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Greek MPs set to get first glimpse of reforms agreed with troika

Riot police restrain a protesting cleaning staff worker at the side entrance of the Finance Ministry, in Athens, on Wednesday.

Anxious lawmakers who have yet to see the details of Greece’s deal with the troika are due to be briefed Thursday on the provisions of the government’s multi-bill containing the agreed reforms, with changes to the rules on fresh milk and pharmacy ownership being two of the most contentious issues.

Government officials Wednesday were still drawing up the legislation, which is set to be contained in three articles, as coalition MPs continued to express opposition to aspects of the troika agreement. A total of eight lawmakers (five from New Democracy and three from PASOK) have indicated they will not vote for all the multi-bill’s provisions.

There is also discontent in Parliament that the legislation is due to be submitted on Friday with the aim of holding a vote on Sunday, thereby giving lawmakers little time to study the measures. “It is saddening that the parliamentary process is being cheapened,” said PASOK’s Michalis Kassis.

“How is it possible that the government was in negotiations with the troika for seven months and MPs only will only be informed [about the bill] a few hours before the debate begins?” said SYRIZA deputy Dimitris Papadimoulis.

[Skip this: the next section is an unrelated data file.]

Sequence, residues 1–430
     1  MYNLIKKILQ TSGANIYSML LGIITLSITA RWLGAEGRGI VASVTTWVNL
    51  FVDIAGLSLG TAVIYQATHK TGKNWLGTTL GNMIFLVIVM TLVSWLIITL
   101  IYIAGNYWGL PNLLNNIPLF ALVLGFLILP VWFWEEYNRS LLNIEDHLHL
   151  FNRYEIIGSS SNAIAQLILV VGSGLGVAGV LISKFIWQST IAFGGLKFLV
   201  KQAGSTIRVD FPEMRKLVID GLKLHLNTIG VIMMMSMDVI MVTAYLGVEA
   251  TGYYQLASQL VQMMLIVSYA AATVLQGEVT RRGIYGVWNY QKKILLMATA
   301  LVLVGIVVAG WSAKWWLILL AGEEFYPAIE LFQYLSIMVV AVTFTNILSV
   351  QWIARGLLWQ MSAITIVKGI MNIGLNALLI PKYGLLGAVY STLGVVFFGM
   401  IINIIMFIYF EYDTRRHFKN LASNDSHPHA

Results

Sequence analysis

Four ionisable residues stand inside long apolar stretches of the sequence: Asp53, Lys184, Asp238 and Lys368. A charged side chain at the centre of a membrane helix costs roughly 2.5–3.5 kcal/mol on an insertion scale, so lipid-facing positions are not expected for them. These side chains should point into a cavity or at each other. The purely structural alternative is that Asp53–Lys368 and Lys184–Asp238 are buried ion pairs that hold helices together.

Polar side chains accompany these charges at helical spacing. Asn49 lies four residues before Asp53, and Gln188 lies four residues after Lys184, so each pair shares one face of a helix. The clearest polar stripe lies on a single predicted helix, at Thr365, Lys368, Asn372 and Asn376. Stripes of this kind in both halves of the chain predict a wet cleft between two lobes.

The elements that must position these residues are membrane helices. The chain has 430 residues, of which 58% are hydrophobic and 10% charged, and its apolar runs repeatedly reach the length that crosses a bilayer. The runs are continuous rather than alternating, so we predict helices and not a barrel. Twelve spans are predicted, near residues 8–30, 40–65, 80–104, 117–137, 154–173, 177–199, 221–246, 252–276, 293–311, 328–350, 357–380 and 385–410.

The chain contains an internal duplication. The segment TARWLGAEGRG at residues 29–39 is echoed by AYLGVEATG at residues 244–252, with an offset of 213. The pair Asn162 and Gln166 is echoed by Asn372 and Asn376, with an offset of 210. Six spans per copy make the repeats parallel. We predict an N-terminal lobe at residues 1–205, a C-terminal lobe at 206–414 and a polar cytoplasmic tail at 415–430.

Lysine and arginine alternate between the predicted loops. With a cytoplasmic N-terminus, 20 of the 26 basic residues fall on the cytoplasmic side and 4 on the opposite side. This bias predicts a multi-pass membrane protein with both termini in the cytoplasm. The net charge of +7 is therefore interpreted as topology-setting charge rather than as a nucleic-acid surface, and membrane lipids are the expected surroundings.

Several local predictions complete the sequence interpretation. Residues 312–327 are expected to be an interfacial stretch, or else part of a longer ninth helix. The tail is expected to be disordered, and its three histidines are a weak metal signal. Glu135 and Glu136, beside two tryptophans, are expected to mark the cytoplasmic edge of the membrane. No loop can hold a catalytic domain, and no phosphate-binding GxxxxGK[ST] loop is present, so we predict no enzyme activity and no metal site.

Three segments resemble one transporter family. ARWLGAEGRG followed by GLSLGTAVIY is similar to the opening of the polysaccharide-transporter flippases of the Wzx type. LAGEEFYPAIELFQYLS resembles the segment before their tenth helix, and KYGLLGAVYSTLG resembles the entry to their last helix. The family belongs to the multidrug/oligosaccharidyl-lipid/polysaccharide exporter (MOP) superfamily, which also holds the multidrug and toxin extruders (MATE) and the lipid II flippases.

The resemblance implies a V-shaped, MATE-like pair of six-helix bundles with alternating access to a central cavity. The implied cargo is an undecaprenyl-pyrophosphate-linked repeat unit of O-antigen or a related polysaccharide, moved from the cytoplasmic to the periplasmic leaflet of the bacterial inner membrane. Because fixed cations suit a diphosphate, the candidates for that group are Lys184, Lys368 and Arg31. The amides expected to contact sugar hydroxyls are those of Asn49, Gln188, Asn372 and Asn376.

The government is still hoping it will reach a compromise with dissenting lawmakers. It is proposing to create a new category for fresh milk, which will have a two-day shelf life and will only be available to local producers.

With regard to pharmacies, the coalition is seeking to limit the number of licenses a pharmacist can be awarded to four, thereby allaying fears that large chains will force smaller stores out of the market. These proposals, however, need to be cleared by the troika before they can be included in the multi-bill.

The further liberalization of the taxi sector could also prove contentious as it will allow vehicles other than cabs to operate at tourist resorts. However, taxi unions said they would wait for the bill to be published before deciding whether to launch protests.

The private sector, however, also provided some encouraging news for the government on Wednesday as employers’ representatives and the main labor union, GSEE, signed a new collective contract. The new deal retains all the elements of the previous agreements but also allows employees to work reduced hours to bring up their children.

ekathimerini.com , Wednesday March 26, 2014 (20:29)  
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